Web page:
Sixty years ago, in 1955, John Salk invented the injectable vaccine for combating the poliovirus. In the US this was a very important moment. Poliovirus killed or immobilized thousands of children every summer. The worst year ever recorded was 1952 when the virus affected 58.000 American Children. Movie theaters and pools were closed and communities turned into real ghost towns due to the fact that families moved from crowded cities.
Polio is a very contagious viral infection which generates breathing problems, paralysis and even death. Young children, pregnant women and people with weakened immune systems are most vulnerable to get polio. The poliovirus easily spreads in regions with poor sanitation via contaminated food or water. Most people infected with this virus do not display any symptoms, but the diseases can be identified after symptoms such as breathing and swallowing troubles, back and neck stiffness and abnormal reflexes.
The research led by Dr. Jonas Salk was supported by the National Foundation for Infantile Paralysis. The formula for the vaccine was tested on more than 1.8 million children. After the vaccine was declared “safe, effective and potent” by Dr. Thomas Francis of the University of Michigan, only a couple of days passed before the vaccinations started.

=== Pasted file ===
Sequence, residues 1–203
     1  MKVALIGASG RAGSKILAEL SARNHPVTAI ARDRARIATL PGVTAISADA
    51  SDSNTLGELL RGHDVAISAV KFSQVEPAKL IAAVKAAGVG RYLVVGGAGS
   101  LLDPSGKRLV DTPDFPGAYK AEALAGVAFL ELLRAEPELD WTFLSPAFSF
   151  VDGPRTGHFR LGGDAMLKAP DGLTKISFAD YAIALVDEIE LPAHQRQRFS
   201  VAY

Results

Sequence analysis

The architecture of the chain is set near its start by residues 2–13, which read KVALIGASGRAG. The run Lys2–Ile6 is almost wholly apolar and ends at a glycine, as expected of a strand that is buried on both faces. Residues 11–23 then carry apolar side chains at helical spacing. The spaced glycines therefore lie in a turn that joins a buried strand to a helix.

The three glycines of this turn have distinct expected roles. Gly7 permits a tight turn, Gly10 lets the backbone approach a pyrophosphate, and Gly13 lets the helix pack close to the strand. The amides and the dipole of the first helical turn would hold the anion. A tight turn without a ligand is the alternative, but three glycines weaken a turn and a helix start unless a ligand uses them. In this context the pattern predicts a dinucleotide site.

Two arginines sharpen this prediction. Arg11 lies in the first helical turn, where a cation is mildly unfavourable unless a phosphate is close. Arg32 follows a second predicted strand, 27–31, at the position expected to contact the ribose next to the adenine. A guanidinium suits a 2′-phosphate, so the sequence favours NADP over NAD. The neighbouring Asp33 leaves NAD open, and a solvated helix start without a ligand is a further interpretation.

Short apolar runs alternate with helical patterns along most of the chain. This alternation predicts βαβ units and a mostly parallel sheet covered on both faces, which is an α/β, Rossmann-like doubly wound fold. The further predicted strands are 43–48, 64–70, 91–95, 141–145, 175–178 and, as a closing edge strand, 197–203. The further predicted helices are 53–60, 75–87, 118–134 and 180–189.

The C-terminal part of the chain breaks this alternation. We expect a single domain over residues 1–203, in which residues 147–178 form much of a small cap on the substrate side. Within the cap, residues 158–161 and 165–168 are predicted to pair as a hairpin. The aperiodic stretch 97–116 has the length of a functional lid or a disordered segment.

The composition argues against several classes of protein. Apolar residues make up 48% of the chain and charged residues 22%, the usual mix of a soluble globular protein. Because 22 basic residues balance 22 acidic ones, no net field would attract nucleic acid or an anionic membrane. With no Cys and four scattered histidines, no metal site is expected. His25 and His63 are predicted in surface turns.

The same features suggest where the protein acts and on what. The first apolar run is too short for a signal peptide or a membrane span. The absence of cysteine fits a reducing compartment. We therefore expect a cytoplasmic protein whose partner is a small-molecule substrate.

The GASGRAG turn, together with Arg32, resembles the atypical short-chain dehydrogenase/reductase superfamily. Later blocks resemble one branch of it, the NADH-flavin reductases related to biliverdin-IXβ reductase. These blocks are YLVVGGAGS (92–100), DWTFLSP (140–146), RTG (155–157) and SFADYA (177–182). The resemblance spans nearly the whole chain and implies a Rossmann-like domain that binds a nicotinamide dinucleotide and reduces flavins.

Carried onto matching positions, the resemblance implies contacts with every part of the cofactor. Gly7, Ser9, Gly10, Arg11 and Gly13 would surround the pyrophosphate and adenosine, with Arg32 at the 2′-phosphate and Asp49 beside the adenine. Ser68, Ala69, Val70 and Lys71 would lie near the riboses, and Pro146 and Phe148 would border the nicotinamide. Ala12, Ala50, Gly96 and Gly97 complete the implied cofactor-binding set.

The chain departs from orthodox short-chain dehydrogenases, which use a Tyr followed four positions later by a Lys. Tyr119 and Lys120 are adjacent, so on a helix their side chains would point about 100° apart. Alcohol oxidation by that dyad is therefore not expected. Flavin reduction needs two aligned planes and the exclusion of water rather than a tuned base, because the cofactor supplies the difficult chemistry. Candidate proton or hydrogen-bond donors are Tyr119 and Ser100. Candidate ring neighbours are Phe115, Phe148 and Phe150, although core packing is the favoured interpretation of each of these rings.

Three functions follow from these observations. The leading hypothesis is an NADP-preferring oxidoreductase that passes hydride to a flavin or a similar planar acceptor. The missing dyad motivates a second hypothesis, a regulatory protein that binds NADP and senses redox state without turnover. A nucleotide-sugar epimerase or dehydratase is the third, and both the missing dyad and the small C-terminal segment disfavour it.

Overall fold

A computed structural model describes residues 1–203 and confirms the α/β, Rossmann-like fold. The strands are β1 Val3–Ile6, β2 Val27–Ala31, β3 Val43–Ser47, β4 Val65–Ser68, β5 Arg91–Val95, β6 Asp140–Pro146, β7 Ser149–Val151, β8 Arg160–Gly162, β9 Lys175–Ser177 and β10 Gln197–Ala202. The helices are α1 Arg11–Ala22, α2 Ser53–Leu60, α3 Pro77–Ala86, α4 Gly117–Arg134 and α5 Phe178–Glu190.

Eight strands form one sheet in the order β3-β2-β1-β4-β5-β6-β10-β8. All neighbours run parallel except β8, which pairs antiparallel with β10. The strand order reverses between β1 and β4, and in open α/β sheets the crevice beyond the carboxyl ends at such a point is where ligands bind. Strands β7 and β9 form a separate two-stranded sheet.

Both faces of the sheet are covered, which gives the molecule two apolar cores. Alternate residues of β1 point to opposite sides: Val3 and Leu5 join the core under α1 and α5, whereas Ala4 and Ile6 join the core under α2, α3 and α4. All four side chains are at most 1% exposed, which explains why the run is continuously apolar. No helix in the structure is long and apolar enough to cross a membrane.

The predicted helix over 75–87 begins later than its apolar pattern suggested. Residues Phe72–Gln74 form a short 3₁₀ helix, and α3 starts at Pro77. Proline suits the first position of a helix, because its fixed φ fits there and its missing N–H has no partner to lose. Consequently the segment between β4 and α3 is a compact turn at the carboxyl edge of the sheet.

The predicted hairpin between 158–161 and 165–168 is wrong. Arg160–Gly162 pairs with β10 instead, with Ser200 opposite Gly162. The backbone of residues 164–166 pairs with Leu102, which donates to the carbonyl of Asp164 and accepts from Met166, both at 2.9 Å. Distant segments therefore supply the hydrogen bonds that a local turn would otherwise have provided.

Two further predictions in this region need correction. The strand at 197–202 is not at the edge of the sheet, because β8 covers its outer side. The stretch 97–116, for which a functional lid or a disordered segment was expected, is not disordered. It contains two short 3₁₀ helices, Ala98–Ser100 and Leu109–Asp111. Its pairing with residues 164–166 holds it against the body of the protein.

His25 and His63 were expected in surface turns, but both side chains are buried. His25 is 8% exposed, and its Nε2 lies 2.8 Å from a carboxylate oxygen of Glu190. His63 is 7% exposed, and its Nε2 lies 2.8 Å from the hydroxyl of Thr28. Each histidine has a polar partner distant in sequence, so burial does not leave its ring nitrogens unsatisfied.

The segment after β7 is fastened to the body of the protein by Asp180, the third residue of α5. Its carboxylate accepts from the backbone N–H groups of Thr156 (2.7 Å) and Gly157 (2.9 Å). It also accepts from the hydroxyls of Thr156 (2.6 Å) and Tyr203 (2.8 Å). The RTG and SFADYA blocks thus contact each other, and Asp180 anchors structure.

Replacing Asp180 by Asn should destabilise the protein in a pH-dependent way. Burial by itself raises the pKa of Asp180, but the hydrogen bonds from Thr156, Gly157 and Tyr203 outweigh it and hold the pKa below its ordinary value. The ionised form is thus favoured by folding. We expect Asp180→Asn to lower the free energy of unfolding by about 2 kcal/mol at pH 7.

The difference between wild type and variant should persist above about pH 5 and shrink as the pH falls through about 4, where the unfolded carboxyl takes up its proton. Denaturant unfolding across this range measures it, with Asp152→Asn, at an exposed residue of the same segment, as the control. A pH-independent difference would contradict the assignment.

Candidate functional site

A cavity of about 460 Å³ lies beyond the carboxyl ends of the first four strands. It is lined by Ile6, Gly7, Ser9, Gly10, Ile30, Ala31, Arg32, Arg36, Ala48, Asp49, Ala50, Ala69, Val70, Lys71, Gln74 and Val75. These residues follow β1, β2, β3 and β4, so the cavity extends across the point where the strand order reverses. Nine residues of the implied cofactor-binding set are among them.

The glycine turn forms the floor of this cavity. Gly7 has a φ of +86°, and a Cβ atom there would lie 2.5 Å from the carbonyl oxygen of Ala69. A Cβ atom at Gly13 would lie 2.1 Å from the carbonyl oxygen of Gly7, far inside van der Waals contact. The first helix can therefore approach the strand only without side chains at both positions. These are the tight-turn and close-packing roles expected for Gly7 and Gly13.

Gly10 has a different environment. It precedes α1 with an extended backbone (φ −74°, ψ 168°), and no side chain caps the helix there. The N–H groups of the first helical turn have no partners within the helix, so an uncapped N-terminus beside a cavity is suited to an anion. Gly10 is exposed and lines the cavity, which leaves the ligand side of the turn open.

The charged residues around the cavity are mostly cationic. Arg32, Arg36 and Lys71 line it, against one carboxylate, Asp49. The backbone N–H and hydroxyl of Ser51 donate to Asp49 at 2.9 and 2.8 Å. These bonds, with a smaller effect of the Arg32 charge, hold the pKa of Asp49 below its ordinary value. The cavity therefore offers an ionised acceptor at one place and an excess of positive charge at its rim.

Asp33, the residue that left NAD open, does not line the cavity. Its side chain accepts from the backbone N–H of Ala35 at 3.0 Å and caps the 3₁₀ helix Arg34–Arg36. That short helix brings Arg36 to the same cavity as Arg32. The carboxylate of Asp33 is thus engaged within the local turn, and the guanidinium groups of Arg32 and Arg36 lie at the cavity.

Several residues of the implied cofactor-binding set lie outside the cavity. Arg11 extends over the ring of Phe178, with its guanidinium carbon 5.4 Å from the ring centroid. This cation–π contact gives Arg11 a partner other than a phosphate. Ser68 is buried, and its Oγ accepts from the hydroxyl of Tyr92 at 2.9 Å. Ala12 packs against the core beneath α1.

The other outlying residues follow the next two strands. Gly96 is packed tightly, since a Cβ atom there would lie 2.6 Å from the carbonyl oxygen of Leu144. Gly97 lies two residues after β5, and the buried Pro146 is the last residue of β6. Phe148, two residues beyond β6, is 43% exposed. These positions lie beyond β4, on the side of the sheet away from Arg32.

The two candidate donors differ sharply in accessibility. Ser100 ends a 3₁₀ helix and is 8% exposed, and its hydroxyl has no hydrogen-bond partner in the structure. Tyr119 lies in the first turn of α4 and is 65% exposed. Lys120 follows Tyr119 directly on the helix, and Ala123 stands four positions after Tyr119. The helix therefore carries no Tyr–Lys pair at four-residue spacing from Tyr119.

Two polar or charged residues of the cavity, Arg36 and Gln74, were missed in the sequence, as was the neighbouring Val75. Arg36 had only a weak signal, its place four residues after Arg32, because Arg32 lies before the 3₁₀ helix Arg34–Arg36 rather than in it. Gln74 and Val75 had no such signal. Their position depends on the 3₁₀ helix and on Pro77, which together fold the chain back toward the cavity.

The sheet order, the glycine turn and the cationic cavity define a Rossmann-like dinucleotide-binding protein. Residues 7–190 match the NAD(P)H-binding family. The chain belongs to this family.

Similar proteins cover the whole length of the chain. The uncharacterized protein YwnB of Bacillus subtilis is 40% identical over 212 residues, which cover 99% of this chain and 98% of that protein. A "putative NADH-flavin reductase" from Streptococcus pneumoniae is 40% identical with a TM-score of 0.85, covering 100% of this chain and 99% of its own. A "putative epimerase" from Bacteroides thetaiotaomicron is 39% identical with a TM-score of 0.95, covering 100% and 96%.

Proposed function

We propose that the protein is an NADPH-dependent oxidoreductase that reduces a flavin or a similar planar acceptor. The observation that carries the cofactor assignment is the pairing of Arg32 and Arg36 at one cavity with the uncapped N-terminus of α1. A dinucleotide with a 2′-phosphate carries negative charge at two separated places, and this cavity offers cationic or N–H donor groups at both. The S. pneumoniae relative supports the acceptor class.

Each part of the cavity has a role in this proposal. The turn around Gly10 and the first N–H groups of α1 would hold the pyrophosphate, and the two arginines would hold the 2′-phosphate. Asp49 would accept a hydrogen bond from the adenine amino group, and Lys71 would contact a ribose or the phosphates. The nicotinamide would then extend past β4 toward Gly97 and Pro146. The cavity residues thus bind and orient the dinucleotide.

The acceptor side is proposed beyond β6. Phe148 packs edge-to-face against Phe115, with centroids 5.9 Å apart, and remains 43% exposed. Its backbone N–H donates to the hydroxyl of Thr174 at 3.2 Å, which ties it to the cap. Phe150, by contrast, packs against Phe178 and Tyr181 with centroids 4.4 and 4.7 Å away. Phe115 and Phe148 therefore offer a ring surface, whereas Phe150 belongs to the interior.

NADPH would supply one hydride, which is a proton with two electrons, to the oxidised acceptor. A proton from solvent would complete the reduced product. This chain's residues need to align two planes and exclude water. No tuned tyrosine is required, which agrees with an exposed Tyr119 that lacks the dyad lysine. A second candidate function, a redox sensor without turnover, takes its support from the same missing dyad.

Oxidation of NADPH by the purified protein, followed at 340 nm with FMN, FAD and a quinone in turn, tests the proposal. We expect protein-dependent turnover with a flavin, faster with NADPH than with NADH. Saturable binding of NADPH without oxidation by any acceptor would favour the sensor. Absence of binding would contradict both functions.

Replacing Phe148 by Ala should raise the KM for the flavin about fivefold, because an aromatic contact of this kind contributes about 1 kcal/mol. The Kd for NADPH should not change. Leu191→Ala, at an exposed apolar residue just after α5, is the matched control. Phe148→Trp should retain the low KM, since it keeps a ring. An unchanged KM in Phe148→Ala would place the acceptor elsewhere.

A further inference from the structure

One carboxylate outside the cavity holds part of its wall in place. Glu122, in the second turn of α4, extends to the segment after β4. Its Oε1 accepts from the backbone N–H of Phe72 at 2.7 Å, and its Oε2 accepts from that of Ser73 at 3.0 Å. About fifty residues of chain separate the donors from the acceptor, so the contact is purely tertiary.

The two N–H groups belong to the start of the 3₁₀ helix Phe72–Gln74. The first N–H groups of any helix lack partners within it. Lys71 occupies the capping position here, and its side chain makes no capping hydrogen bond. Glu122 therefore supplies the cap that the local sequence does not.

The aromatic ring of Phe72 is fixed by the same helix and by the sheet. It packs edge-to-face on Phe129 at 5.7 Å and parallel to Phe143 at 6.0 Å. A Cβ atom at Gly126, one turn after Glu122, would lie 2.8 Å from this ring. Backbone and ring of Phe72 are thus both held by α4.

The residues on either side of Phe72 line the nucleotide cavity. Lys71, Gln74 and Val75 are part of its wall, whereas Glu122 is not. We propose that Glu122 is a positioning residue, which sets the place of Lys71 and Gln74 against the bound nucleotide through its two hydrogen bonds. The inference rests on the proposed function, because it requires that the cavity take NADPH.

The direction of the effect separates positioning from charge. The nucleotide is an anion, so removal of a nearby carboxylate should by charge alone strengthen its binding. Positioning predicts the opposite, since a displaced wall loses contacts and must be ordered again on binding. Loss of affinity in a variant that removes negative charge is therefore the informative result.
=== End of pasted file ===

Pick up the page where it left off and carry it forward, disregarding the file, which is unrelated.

However after a few decades Dr. Albert Sabin developed the oral formula of the polio vaccine. Ever since this alternative was introduced the developed countries started to switch over to it. The oral vaccine became so popular that health experts gave up the injectable one.
The oral vaccine became popular because it was more convenient to use. It was easier to transport, it did not need any special equipment and most importantly, it could be easily administered by anyone. In addition it was less expensive and consequently more extensively used in low-income and middle-income countries.
Although the alternative of the oral vaccine may be more advantageous, it uses weakened virus, so there is 1 in 750,000 chance of getting infected. Health experts have reached the conclusion that in rare cases the oral Poliovirus can cause infection. As a result figures show that lately the injectable vaccine was preferred to the oral one. The injectable vaccine was reported to be more efficient and it completely eliminates the poliovirus. Since caregivers believe that the injectable poliovirus offers complete protection against the polio infection, they went back to the old ways.
Image Source: American History
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